How Do I Get Back into a Story?

Quoth Anonymous: “I know I should write every day, but with my job and life, I just can’t. It’s hard to get back into whatever I was writing if I’m away for a few days. How can I dive in again?”

Mermaid at Weeki-Watchee, photographed by Toni Frissell for Harper's Bazaar, December 1947
Photo by Toni Frissell, published in Harper’s Bazaar, December 1947

I was about to start this reply by saying, “Yes, in a perfect world, you’d be able to work on that story every day,” but the more I’m thinking about it, I’m not sure that really is a perfect world. There’s something to be said for taking a step back for your subconscious to do some work…but not for too long.

My best stories seem to come to me as a kind of dream, a state of absorption where I write quickly and instinctively without much doubt. Some people call that a “flow” state, and it’s easy to begin believing that anything written OUTSIDE that state is too difficult or not going well.

To me, the issue is really how to return to the fictive dream of your story, sinking back in so that distractions go away and you are able to once again feel what the next reasonable story moment should be.

I’m not great at doing that, but here are some things that have worked for me:

  • Expect some amount of gear-grinding when returning to a story and be patient with it. The first couple of days are likely to feel a little rough, but they’re only going to feel worse if you pause the project again.
  • Commit to one project at a time. I once thought that I could write several stories at once and just dive into the one I “felt” the most at a given moment, but that generates a lot of fragments that never quite get finished. Tell yourself that one way or another, you’re going to finish this story, even if it’s lousy.
  • Use physical cues to get back into the mindset of working: a certain place, a certain time, a certain desk, a certain word processing program. It’s possible to get TOO attached to the tools as an excuse not to write when they aren’t available, but you need something that tricks your brain into shutting out the world and getting to work.
  • I’ve found setting a timer to be useful, telling myself that I can do nothing but work on the story during that time.
  • Meditation has helped me as well, believe it or not. Take a few moments with your eyes closed and mentally immerse yourself into a creative space. I even have a mantra of keywords to remember in my work, like “Immersion. Performance. Voice. Specificity. Detail.”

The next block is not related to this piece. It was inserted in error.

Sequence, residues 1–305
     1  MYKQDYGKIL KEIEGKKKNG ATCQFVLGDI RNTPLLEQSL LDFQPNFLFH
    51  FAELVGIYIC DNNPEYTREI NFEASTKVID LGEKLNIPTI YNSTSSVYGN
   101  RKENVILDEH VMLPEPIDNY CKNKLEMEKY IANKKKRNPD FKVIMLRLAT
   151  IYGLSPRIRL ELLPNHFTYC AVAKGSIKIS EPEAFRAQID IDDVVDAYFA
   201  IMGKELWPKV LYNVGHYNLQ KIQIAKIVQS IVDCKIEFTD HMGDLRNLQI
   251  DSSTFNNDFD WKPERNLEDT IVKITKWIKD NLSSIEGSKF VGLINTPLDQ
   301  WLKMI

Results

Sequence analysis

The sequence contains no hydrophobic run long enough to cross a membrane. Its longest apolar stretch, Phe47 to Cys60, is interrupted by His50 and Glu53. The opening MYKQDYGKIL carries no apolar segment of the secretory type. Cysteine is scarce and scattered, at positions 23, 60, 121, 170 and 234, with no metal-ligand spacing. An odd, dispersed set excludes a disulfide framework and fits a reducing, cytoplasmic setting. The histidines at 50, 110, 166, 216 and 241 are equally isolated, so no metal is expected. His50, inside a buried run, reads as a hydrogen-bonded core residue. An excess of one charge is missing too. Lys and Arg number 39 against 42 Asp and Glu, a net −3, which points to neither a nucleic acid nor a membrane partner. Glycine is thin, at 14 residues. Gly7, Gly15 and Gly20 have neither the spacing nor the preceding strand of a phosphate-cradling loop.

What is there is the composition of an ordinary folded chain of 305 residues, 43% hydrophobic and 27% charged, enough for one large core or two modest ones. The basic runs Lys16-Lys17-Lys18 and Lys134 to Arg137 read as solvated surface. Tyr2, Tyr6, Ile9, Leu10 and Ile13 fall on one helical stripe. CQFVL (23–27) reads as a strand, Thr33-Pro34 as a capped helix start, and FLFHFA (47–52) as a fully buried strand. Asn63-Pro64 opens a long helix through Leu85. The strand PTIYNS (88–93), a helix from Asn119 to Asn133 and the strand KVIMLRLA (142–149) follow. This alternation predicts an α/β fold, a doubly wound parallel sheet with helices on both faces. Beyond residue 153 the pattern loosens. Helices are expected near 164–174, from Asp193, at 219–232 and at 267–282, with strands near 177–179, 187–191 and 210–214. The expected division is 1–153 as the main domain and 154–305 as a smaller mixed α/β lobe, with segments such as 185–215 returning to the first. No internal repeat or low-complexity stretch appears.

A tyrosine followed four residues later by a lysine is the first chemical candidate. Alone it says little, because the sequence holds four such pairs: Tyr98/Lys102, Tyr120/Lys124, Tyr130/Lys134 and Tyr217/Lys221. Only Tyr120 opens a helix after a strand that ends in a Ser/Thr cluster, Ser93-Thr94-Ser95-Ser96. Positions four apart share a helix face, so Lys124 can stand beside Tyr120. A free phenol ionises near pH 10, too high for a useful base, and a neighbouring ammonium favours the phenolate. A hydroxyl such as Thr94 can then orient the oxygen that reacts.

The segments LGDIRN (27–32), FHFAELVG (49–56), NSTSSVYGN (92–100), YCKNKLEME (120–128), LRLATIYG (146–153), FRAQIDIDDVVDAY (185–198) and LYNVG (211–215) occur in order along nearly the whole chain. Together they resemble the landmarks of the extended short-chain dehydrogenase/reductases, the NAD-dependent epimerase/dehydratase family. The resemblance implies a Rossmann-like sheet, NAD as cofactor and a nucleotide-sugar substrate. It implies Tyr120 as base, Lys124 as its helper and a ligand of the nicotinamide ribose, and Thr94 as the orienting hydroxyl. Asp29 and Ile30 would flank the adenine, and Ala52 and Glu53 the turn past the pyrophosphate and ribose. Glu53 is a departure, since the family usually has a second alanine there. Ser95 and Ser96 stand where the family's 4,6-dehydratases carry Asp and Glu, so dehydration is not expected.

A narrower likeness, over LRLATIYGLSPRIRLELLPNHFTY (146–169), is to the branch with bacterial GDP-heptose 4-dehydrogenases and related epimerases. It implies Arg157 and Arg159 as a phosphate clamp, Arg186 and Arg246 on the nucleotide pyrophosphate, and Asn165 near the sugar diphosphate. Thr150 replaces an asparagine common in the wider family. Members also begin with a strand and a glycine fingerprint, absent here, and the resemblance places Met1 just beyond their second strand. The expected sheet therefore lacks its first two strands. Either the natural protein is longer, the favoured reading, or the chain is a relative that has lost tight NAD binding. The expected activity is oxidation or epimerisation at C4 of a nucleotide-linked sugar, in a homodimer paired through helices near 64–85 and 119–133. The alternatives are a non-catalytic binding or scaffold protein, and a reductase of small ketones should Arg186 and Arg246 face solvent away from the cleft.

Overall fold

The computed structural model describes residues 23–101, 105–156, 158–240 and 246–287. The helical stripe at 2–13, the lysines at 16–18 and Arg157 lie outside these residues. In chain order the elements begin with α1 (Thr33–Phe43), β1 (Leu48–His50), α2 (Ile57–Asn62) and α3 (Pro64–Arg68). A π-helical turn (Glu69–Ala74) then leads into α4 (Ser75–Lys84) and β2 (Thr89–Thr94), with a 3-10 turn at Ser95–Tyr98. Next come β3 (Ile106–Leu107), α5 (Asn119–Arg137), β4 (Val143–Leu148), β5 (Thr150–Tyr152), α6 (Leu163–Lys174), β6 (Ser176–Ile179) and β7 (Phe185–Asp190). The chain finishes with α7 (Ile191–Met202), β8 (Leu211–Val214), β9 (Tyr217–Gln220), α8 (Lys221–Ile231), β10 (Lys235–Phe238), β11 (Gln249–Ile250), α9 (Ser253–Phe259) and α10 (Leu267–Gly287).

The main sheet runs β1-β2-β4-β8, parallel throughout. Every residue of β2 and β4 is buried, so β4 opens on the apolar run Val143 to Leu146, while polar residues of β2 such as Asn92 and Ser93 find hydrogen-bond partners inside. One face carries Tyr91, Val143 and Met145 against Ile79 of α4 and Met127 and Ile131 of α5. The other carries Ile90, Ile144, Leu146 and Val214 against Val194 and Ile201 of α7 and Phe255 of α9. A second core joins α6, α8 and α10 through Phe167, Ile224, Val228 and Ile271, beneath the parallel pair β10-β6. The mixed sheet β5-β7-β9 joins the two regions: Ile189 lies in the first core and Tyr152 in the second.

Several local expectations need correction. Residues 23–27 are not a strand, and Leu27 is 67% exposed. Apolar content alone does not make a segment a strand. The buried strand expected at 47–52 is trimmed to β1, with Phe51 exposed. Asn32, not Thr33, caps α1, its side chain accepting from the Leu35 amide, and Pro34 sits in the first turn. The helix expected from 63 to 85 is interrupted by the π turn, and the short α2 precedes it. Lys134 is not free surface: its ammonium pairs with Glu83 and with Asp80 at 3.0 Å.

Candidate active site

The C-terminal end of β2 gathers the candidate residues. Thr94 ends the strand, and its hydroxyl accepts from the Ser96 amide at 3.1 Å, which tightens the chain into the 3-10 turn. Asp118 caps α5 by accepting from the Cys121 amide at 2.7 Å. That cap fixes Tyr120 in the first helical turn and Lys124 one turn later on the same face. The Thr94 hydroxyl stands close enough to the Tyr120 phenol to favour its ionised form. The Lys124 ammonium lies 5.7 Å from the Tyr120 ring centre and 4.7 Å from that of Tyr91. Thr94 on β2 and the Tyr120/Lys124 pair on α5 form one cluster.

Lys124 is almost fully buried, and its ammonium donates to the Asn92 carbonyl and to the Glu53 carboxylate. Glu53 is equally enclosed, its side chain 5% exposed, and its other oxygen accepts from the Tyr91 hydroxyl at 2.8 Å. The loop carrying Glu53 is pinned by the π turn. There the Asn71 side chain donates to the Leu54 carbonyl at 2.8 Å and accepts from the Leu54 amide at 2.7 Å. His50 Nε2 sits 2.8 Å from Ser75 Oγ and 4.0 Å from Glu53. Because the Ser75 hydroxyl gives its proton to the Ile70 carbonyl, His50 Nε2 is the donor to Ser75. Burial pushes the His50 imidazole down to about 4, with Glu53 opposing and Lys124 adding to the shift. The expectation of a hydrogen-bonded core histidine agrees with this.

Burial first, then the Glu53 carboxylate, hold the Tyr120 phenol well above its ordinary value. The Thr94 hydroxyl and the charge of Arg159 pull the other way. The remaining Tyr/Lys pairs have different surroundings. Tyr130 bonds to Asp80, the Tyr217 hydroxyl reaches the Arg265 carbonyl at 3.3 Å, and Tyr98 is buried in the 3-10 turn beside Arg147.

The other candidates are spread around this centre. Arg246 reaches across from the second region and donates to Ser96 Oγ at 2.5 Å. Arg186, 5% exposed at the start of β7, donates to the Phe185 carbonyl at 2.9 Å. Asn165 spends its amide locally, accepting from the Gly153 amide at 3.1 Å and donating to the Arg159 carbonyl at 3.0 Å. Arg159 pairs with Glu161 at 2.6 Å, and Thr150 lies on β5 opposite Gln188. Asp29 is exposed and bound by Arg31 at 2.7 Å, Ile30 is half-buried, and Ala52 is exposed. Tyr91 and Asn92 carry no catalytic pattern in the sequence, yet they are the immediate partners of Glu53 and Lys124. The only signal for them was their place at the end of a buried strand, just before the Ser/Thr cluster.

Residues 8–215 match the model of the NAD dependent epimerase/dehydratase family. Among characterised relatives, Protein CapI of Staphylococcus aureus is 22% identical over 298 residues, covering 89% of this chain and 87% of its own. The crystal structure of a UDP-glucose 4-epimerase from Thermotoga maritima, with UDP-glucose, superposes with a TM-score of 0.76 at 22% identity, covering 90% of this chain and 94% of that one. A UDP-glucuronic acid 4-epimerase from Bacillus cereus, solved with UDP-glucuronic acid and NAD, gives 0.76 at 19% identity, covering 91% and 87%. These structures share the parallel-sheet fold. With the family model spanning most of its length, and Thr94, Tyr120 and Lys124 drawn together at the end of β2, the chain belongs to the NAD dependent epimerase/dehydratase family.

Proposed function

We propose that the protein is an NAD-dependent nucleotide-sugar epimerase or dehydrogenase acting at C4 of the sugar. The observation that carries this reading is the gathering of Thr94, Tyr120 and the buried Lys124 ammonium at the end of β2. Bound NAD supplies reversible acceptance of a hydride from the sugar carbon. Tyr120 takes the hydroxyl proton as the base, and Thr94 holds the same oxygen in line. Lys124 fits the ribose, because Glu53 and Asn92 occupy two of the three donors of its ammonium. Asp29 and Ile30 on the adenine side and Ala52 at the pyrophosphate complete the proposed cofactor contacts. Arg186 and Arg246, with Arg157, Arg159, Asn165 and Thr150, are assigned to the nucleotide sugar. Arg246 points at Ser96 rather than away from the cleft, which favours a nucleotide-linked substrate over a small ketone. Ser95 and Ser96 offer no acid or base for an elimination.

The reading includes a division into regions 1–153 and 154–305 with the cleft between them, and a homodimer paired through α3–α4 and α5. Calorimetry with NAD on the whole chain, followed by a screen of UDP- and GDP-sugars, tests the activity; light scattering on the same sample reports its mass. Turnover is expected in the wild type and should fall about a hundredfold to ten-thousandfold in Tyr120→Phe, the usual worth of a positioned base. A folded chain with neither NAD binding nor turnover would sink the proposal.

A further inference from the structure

• Sooner or later, you’re going to have to open the document or notebook where the moribund story lives. This is a great time to read through as much of it as you can to get back into the sound of its voice and the rhythm of its sentences. Reading it aloud can help with this, and so can retyping a few paragraphs of the story or re-writing them out by hand.
  • One trick that almost always works for me at the beginning of a session is to write, “So what the fuck is going on?” at the top of a page and answer my own question: summarizing the story so far, mulling through any challenges, talking through where to go next. It sounds silly, but I think you fix writing problems by writing AROUND them.

A lot of that probably sounds self-indulgent, the kind of thing that whiskey-drinking real authors would say is too precious, but for me, the key to creating a good story is feeling it, role-playing my way through it, committing to it with total absorption.

I think the number one thing to remember is not to expect to dive into a story in thirty seconds, whether you worked on it yesterday or a month ago. Imagine yourself settling deep into the pool of your work, letting it surround you and become your reality for as long as you can.

Why Hooman Love Write More than Me?

Quoth Tyler: My hooman is normally quite considerate. But there are these times when he begins writing and forgets it is treat time! I stride into the room and he ignores my efforts to remind him of his sacred duty–I bump his leg, I stretch up to tap his arm, I even mew, but the end result is rarely a full belly. Please help!

Thank you for your question, Tyler. I’m going to assume that you’re a cat and not a severely mentally-ill child, but really, the advice would be exactly the same so you do you.

Let me answer your question this way.